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JOE BONAMASSA Black Rock Provogue PRD 7300 2 (2010)

Joe Bonamassa

'Black Rock' is Joe Bonamassa's tenth album in a 20 year career that puts into perspective the amount of work that has gone into his recent 'Breakthrough Artist of the Year Ward'. And in many respects 'Black Rock' is both a reaffirmation of his rocking blues roots and his avowed intention with producer Kevin Shirley to break new ground artistically.

For while this is a rock-blues album with a world music undertow, like Paul Simon and Manfred Mann before him, Joe finds an equilibrium based on fitting new musical directions into an existing format. The result is some lush instrumentation, newly explored tones, deft arrangements and moments of real feel and inspiration.

Named after the studio on the black sand Greek island of Santorini, 'Black Rock' is the end result of the duo's musical creativity and innovation coming to bear on 8 covers and 5 originals. Better still, Joe's own songs include a couple of his very best efforts, which is no mean achievement given his last two studio albums were critically regarded as his best.

The opening cover of Bobby Parker's 'Steal Your Heart Away' sets the standard for some hard rock arrangements while he adds some fine upper register vocal phrasing on John Hiatt's 'I Know A Place'. The latter is another example of how both artist and producer set out to transform a rootsy original into a heavy riffed rocker.

'Black Rock' is also more than a random aggregation of songs as there's a coherent inner structure running through the album. From the blazing intro onwards, the album is an adventurous musical journey that sources some core blues and delivers a final denouement as rock blends with world music in a post Zeppelin framework before some lighter brush strokes on the acoustic end-piece.

Equally impressive is the fact that Joe's own material matches that of the chosen covers, particularly on scorching slide driven 'When the Fire Hits The Sea', one of a couple of songs that will surely gain him further radio play.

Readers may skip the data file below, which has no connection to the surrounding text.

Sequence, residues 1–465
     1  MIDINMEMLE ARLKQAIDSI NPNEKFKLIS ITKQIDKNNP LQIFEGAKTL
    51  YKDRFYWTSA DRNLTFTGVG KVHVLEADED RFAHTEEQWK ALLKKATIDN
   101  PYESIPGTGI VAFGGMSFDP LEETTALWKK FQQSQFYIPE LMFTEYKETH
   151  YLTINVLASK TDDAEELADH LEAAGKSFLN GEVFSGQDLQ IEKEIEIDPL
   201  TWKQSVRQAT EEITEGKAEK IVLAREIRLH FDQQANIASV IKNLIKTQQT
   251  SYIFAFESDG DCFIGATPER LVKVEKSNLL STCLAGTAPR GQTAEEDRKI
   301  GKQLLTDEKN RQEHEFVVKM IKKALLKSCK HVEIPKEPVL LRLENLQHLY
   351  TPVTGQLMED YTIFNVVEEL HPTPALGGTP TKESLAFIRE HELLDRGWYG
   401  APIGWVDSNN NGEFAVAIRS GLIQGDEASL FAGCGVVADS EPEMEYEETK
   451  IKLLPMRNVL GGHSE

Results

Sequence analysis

The following 'Quarryman's Lament' is easily one of Joe's best ever songs and flies on the back of an expansive melody line. The intuitive Grecian bouzouki and clarino accompaniment act as a perfect foil for his mellifluous guitar and fine vocals.

The cover of Truth's 'Spanish Boots' is a pile driving jammed out return to the rock template and will surely please Joe's rock fans. Leonard Cohen's 'Bird of A Wire' is given an effective Celtic treatment, again with simpatico Greek instruments. If anything this song is the biggest triumph of the lot. It's 40 years since Joe Cocker transformed this introspective Leonard Cohen song into something altogether earthier, while Kevin Shirley embellishes the song's essential slow burn with beautiful Greek embellishments before Joe adds a restrained guitar part of his own.

Otis Rush's 'Three Times A Fool' is a return to cutting edge blues and is notable for another change of guitar tone and mirrors Joe's excellent vocals on 'Look Over Yonders Wall'.

Another highlight is the performance Joe gets from the veteran BB King, whose singing for an octogenarian is simply startling while 'Lucille' speaks with real clarity of tone and expression. The double vocal lines and snappy horn arrangements make the track a mid-set anchor point.

And as if to reaffirm the album's core rock/blues credentials Joe's own 'Wandering Earth' combines crunching dirt sounding chords with some elongated vowels as part of some super confident vocal phrasing.

'Athens To Athens' has a lovely down-home feel that cleverly incorporated the roots of the blues with Greek instrumentation. It's a superbly conceptualised track and testament to Shirley and Bonamassa's overriding view of a bigger picture.

The same Grecian/Blues approach is applied to an altogether heavier arrangement of 'Blue and Evil', with echoes of both ZZ Top and Zeppelin. The combination of dark lyrics, a thunderous arrangement and Joe's flighty soloing with some exotic eastern sounding riffs make this another ground breaking piece.

The closing ragtime blues of Blind Boy Fuller's 'Baby You Gotta Change Your Mind' is the prefect antidote to what has gone before and is full of restraint, simplicity and an unlikely whistle line. If 'Black Rock' at the very least manages to drag some rock fans in the direction of the crossover over appeal of either the blues or world music then this album will indeed have broken new ground.

As it is 'Black Rock' again showcases Joe Bonamassa, as a restless talent in harness with his intuitive producer Kevin Shirley and between them they stand proudly at the very top of the Rock/Blues summit.


Review by Pete Feenstra

GRTR! Recommended


Pete Feenstra talks to Joe Bonamassa, London 15.02.10
Camera: Prakash Acharya


***** Out of this world | **** Pretty damn fine |
*** OK, approach with caution unless you are a fan |
** Instant bargain bin fodder | * Ugly. Just ugly

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